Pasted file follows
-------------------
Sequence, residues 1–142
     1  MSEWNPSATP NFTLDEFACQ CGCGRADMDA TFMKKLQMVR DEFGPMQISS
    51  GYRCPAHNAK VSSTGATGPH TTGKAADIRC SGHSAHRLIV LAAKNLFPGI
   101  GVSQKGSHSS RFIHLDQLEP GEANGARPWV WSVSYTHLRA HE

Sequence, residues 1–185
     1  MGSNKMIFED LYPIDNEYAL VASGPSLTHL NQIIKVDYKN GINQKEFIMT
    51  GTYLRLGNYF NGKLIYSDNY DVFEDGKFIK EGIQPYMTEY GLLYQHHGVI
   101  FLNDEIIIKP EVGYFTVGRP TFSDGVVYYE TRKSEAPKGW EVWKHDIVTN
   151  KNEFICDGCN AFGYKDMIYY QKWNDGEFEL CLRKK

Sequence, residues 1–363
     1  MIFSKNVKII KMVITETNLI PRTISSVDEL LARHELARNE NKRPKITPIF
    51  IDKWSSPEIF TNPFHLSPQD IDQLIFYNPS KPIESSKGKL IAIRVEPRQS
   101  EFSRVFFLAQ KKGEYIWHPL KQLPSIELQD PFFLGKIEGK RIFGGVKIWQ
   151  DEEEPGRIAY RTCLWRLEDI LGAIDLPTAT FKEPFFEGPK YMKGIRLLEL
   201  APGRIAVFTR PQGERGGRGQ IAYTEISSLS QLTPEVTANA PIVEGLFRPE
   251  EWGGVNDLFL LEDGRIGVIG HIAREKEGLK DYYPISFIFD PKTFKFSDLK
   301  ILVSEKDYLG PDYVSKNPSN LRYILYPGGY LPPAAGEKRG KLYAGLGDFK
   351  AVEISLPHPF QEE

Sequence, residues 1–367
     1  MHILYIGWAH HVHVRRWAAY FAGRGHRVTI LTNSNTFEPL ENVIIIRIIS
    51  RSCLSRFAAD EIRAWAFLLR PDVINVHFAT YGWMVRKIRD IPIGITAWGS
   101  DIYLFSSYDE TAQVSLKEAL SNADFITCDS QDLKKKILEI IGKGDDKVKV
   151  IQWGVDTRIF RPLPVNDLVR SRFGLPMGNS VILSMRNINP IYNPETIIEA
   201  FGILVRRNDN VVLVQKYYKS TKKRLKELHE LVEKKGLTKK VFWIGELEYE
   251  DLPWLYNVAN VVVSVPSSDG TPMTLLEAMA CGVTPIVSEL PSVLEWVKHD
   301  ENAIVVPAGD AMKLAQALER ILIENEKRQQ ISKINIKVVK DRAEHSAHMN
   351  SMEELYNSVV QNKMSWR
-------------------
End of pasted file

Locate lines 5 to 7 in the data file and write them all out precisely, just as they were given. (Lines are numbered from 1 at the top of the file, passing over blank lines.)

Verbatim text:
Sequence, residues 1–185
     1  MGSNKMIFED LYPIDNEYAL VASGPSLTHL NQIIKVDYKN GINQKEFIMT
    51  GTYLRLGNYF NGKLIYSDNY DVFEDGKFIK EGIQPYMTEY GLLYQHHGVI